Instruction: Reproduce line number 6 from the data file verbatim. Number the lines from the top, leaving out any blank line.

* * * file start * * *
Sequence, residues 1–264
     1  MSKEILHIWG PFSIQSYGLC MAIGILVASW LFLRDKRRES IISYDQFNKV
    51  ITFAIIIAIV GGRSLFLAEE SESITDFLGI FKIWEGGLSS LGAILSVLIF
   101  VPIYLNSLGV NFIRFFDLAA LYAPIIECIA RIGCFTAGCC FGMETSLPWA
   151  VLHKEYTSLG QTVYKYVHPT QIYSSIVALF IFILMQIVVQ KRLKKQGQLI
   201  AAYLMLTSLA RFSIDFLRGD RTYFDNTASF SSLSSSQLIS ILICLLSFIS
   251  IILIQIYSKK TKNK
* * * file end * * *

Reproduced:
   201  AAYLMLTSLA RFSIDFLRGD RTYFDNTASF SSLSSSQLIS ILICLLSFIS